Sunday’s election of Klaus Iohannis as the new president of Romania has elicited something akin to euphoria across Europe. Commentators from inside and outside of the country believe the outcome signals that voters are eager to embrace the west and leave the corruption-tainted past behind. I’m among them. But the future remains uncertain.
Romania has undoubtedly taken a crucial step. Voters elected the candidate more likely to sort out Romania’s mess of 25 years of unfinished transition and a seriously flawed political landscape. Sunday’s outcome was made possible in part through the efforts of Romanians abroad who, unwilling to give up their right to vote, inspired many others inside Romania.
But their joy may be premature. The more painful realization is that the second step — the reorganization of the country in accordance with what we like to call “western standards” — will not happen overnight, even with Mr. Iohannis residing in the president’s residence, Cotroceni Palace.
- The executive power in Romania clearly lies in the hands of the government and thus in the hands of Prime Minister Victor Ponta and his Social Democratic party. Despite his defeat in Sunday’s presidential election, Ponta has so far refused to step down as head of the government. Even if he did, this would not automatically change the current structure and composition of lawmakers in the parliament. (That said, we can still bet on how much longer this will be the case, as Ponta has taken some days off and Iohannis has openly spoken about toppling the government in 2015).
- The role of the Romanian president is somewhat open to interpretation. In addition to his representative activities, the constitution dictates that he is in charge of shaping the direction of foreign policy. In Romania this means being a faithful member of the EU, and more importantly, NATO, alliances which are already well established. He is also in charge of the country’s defense, which again should be seen in a broader transatlantic context. For years Romania has been an obedient partner to its NATO allies, and the crisis in Ukraine has given Romania’s relevance in the Black Sea region a renewed relevance for the US and the EU. Iohannis has already announced that he will not change this direction (and even Ponta would have been unlikely to do so). The real power of the Romanian president lies in a grey area, made up of various influences, connections and the secret services. Traian Basescu, the outgoing president, was quite adept at manipulating this system to his benefit. It remains to be seen how quickly Klaus Iohannis, a politician from the countryside, can adapt to this murky scene in the capital.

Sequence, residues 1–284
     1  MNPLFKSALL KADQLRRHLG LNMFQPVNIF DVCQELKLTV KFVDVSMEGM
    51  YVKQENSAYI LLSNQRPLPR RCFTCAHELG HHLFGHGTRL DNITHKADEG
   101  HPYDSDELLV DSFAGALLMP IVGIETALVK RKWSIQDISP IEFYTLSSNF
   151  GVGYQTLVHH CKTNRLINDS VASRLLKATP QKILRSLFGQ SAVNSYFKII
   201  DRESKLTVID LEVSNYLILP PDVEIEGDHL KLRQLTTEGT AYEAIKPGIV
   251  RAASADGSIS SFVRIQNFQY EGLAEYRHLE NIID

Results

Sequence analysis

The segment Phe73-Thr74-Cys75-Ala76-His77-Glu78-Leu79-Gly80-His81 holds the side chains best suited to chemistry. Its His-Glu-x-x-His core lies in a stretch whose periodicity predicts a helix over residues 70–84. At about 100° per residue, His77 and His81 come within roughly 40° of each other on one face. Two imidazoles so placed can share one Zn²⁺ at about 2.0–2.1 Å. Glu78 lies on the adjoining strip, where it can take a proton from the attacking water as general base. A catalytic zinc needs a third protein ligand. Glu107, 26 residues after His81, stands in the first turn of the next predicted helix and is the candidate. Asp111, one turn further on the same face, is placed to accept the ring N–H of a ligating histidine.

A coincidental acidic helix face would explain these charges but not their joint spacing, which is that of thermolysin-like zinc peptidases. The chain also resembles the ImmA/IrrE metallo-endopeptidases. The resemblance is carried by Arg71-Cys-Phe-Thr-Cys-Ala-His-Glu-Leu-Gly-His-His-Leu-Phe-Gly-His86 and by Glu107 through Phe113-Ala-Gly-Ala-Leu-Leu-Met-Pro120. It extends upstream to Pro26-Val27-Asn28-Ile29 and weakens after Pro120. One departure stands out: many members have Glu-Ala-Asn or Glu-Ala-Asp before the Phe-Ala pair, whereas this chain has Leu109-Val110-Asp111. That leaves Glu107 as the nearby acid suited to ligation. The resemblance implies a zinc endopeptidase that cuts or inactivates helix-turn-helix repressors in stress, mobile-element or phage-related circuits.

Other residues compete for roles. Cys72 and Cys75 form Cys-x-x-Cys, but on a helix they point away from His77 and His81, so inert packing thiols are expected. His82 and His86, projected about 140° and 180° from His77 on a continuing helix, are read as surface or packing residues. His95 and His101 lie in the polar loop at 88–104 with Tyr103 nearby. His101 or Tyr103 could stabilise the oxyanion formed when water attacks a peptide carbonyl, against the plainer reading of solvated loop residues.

- Celebrated for economically transforming the Transylvanian city of Sibiu into a “western” island in the heart of Romania within 14 years, Iohannis is under significant pressure to quickly produce similar results in Bucharest. The fight against corruption is one of his stated priorities, but voters will want to feel a change in their pockets as well. But economic circumstances have changed dramatically since Iohannis was elected mayor of Sibiu in 2000. Romania no longer has the relatively booming economy it had between 2003 and 2008. Investors are hesitant. For the most part, only those who came before the crisis are still active in Romania. The “eastern fantasy” of western firms competing to conquer the East on the cheap is probably never coming back.
- Klaus Iohannis is not a Rambo-like lonely fighter, but a member of the National Liberal Party (PNL), which he joined as vice president in early 2013. Back then, he argued that he needed the support of an established party in order to be able to be part of the process of political change. The fact that as president, he will have to resign as the party’s leader won’t change the fact that he supports PNL. While Iohannis might be a fresh face in Bucharest, PNL certainly is not. PNL was part of the government until spring. The party had been part of the ruling coalition with the Social Democrats since May 2012, and during that time, PNL wanted Iohannis to be assigned the office of minister for internal affairs. Prime Minister Ponta refused to offer Iohannis this powerful position and the coalition fell apart in February. Iohannis is also backed by certain remnants of the “Conservative Party” (PDL), which is also an old player in Bucharest politics.
Love is given away quickly in the Romanian political world, but it can also be taken away overnight. Power and influence are the political machinery’s currency. The election of Iohannis is a powerful sign of deviation from the norm, but it will take more than a president for change.
Cover photo credit: www.cotidianul.ro